Tens of thousands back Putin at Russia rallies
Posted by Admin on February 18, 2012
By Marina Koreneva | AFP – 12 hrs ago
At least 50,000 people attended rallies in European Russia, Siberia and the Far East supporting Putin’s candidacy for a historic third Kremlin term in March 4 polls, AFP correspondents and police reports said.
Russians are taking to the streets with increasing regularity ahead of the election as the opposition and camp seek to outdo each other with competing rallies.
Brandishing slogans like “Yes To Changes! No To Revolution!” and “Putin — We Are With You For A Strong Russia!”, at least 10,000 people attended a rally in his support in the former imperial capital of Saint Petersburg
“For me, Putin is stability. In these years I have personally lived better. I am given my pay on time. I have started to be proud of the country,” Putin supporter Anatoly Stepanov, 42, told an AFP correspondent.
Participants were warmed in temperatures of minus eight degrees Celsius by hot tea and Russian pies sold for nominal prices. “Look at those who are against Putin, they are not the people,” grumbled pensioner Anna Patrusheva, 58.
The opposition has accused the authorities of using the state’s resources or even employing financial incentives to encourage people to show up for the Putin rallies.
Several buses were visible on the fringes of the rally that had brought people in from outlying Saint Petersburg regions.
Pro-Putin rallies took place in almost all of Russia’s biggest cities, the main exceptions being Moscowand the Siberian city of Krasnoyarsk where the Russian premier was busy attending an economic forum.
According to a police count quoted by Russian news agencies, 12,000 people turned out for the biggest rally in the Far Eastern city of Khabarovsk seven time zones away under the slogan “We Have Something to Protect!”.
Rallies mustering at least 10,000 people also took place in cities including Volgograd, Nizhny Novgorod, and Novosibirsk in Siberia, while several thousand came for events in the Pacific port of Vladivostok and the Siberian city of Irkutsk.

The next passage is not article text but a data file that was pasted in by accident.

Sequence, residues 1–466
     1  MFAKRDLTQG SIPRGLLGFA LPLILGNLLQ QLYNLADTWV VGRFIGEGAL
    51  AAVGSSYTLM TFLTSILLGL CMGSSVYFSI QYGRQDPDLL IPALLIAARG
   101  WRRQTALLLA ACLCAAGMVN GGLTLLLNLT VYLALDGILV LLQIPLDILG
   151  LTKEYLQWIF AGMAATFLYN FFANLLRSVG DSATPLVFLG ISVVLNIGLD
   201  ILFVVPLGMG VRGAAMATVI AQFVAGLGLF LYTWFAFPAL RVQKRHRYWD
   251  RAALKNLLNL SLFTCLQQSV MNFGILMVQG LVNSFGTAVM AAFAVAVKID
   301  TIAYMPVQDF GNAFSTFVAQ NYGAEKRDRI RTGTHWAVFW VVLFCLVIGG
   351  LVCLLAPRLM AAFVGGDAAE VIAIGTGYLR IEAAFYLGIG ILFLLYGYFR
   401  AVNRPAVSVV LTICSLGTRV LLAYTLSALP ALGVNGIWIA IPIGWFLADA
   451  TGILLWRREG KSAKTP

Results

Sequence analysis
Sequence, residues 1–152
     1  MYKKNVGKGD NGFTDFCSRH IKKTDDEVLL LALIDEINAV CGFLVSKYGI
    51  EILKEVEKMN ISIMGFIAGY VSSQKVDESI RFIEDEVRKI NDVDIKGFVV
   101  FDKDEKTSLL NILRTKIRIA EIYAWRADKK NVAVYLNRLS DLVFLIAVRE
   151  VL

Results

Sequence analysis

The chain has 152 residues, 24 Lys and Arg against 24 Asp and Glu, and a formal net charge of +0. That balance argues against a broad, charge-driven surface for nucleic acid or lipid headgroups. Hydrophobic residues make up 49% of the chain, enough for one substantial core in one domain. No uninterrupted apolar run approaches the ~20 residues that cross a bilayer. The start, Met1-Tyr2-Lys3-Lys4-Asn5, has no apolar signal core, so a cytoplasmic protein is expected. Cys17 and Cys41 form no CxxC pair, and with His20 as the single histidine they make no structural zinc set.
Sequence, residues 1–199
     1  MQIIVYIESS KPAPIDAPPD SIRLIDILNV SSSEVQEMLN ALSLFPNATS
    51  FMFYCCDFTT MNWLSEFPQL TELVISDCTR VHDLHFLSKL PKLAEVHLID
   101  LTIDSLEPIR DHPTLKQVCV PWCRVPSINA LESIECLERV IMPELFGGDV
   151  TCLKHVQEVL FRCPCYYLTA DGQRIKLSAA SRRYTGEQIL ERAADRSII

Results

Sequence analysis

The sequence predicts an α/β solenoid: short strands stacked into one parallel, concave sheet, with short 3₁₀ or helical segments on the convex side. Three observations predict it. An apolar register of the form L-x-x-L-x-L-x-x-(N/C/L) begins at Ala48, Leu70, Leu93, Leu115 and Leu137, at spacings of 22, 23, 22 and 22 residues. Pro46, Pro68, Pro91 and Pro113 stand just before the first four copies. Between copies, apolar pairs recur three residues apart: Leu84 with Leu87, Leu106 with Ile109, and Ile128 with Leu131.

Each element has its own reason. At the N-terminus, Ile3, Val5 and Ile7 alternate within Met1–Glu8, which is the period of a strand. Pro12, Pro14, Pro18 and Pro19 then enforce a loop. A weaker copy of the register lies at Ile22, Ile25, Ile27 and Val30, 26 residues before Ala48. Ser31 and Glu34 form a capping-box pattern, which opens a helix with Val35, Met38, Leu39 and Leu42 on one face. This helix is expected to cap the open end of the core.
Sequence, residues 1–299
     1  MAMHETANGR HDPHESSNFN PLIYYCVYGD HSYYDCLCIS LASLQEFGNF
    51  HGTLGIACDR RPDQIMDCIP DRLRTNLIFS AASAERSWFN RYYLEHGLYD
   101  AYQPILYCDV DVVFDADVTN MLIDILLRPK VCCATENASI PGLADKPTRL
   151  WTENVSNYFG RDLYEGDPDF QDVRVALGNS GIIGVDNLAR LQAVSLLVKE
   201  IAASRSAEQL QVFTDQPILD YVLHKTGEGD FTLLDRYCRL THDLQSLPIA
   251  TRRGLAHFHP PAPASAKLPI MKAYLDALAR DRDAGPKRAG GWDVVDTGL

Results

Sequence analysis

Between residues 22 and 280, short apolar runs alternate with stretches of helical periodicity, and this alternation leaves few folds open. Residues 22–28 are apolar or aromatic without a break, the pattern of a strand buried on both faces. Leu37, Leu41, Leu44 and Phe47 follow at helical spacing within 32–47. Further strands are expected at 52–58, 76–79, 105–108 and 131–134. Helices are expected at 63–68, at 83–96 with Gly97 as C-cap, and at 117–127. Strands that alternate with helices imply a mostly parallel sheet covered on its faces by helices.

The RIA Novosti news agency said police arrested the over-zealous organiser of the pro-Putin rally in the industrial town of Ivanovo outside Moscow after its turnout of 6,000 was double the figure announced to the authorities.
The demonstrations come ahead of a giant pre-election rally on February 23 in Moscow called by the Putin campaign under the slogan “We Protect the Country!” that organisers hope will muster 200,000 people.
The opposition Novaya Gazeta reported on Friday that factory workers from as far away as Krasnoyarsk would be flown into Moscow to boost numbers.
A page has already been set up on Russian social networking site VKontakte promising that participants from outside Moscow will get transport, an “attractive programme” and two hot meals a day.
The rally is to be followed by a rival action in the capital on February 26 by the opposition, which is counting on tens of thousands to turn out to form a human chain around the capital’s inner ring road.
Putin is still widely expected to win the presidential elections, possibly even in the first round, with his four registered opponents failing to provide a significant challenge.
But analysts say the protest movement could give Putin a rough ride going forward as he embarks on a new six-year Kremlin term amid growing expectations of change.
- “Why Is Putin Winning?” Asks Russia Expert (fidest.wordpress.com)
- Russians brave big freeze to challenge Putin (alternet.org)
- Russian TV faces probe over Putin protest coverage (foxnews.com)
- Thousands mass in Moscow for rival Putin rallies (alternet.org)
- Thousands take to Moscow streets to protest, support Vladimir Putin (vancouversun.com)
- Russians stage rival protests over Putin (nation.com.pk)
- Pro Putin supporters hold Moscow rally (russianreport.wordpress.com)
- Russia Protest Nationwide “Russia without Putin!” : PHOTOS (ibtimes.com)
- Gorbachev: Putin has “exhausted” his potential – CBS News (cbsnews.com)
- Russians stage different kind of rally against Putin, vote result (latimes.com)
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